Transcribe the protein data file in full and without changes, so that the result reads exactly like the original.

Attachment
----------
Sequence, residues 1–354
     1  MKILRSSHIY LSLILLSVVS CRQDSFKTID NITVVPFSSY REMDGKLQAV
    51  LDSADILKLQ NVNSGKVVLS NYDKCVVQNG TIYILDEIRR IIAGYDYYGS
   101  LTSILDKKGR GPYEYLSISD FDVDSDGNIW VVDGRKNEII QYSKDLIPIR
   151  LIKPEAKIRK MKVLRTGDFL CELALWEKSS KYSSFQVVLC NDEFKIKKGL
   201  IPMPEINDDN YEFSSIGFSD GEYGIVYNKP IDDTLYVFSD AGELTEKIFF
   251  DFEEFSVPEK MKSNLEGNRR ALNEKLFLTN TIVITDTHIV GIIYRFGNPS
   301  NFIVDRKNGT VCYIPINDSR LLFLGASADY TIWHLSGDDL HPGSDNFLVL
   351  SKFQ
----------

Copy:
Sequence, residues 1–354
     1  MKILRSSHIY LSLILLSVVS CRQDSFKTID NITVVPFSSY REMDGKLQAV
    51  LDSADILKLQ NVNSGKVVLS NYDKCVVQNG TIYILDEIRR IIAGYDYYGS
   101  LTSILDKKGR GPYEYLSISD FDVDSDGNIW VVDGRKNEII QYSKDLIPIR
   151  LIKPEAKIRK MKVLRTGDFL CELALWEKSS KYSSFQVVLC NDEFKIKKGL
   201  IPMPEINDDN YEFSSIGFSD GEYGIVYNKP IDDTLYVFSD AGELTEKIFF
   251  DFEEFSVPEK MKSNLEGNRR ALNEKLFLTN TIVITDTHIV GIIYRFGNPS
   301  NFIVDRKNGT VCYIPINDSR LLFLGASADY TIWHLSGDDL HPGSDNFLVL
   351  SKFQ